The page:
Possible Complications

Studies in non-HIV-infected people have estimated that type 2 diabetes may have begun up to 12 years before clinical diagnosis.1 At the time of diagnosis, many patients will have one or more diabetes complications. For example 10–39% of patients may have already developed retinopathy,1,2 which is a major cause of visual loss.3

Patients with diabetes should be assessed/monitored for the following potential complications:

  • diabetic retinopathy3–5
  • diabetic neuropathy3–5 
  • renal damage and chronic kidney disease3–5
  • foot ulceration, infection or deformity secondary to peripheral neuropathy/vascular disease3 psychosocial problems3,4
  • resting tachycardia, exercise intolerance, postural hypotension, constipation, gastroparesis, and erectile dysfunction secondary to cardiovascular autonomic neuropathy3,4   
  • coronary heart disease4
  • cerebrovascular disease4
  • peripheral arterial disease4
  • dental disease


Further information, including recommended assessments for complications at diagnosis and during follow-up, and further details on when to refer, can be found in guidelines published by the International Diabetes Federation, the American Diabetes Association and the American Association of Clinical Endocrinologists (2007).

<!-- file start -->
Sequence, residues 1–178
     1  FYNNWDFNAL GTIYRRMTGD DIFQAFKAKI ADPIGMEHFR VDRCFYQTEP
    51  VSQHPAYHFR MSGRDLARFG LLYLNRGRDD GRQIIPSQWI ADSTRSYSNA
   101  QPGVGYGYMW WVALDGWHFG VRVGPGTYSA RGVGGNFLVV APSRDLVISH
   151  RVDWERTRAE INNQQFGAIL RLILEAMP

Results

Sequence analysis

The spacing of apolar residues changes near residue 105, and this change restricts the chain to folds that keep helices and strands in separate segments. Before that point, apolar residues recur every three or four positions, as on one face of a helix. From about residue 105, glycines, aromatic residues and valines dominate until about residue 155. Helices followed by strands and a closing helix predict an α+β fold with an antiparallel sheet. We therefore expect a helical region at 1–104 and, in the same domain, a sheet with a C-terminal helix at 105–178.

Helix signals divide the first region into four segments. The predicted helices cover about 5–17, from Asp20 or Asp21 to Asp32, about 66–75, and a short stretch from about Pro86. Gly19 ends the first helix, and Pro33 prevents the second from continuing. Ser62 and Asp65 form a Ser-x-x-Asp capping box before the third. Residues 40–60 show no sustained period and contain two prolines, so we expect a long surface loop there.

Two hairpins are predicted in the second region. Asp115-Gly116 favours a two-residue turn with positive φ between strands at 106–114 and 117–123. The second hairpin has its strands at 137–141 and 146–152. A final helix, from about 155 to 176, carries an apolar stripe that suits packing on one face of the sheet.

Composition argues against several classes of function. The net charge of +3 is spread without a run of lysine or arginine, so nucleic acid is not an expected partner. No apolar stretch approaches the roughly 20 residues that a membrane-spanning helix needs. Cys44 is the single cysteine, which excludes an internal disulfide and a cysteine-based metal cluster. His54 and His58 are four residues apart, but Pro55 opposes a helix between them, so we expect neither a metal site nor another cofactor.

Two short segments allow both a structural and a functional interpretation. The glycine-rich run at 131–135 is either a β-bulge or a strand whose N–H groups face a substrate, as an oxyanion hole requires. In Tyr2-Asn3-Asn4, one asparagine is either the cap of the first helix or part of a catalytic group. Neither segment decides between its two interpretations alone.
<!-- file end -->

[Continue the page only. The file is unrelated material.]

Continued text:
1. Harris MI, Klein R, Welborn TA, et al. Onset of NIDDM occurs at least 4-7 yr before clinical diagnosis. Diabetes Care. 1992;15: 815–819.
  2. Kohner EM, Aldington SJ, Stratton IM, et al. United Kingdom Prospective Diabetes Study, 30: diabetic retinopathy at diagnosis of non-insulin-dependent diabetes mellitus and associated risk factors. Arch Ophthalmol. 1998;116: 297–303.
  3. International Diabetes Federation. Global Guideline for Type 2 Diabetes, 2005. Accessed 20 February 2011.
  4. American Diabetes Association. Standards of Medical Care in Diabetes 2011. Diabetes Care. 2011;34;Suppl. 1:S11–S61.
  5. European AIDS Clinical Society (EACS). Guidelines. Version 6.0. Accessed 3 July 2012.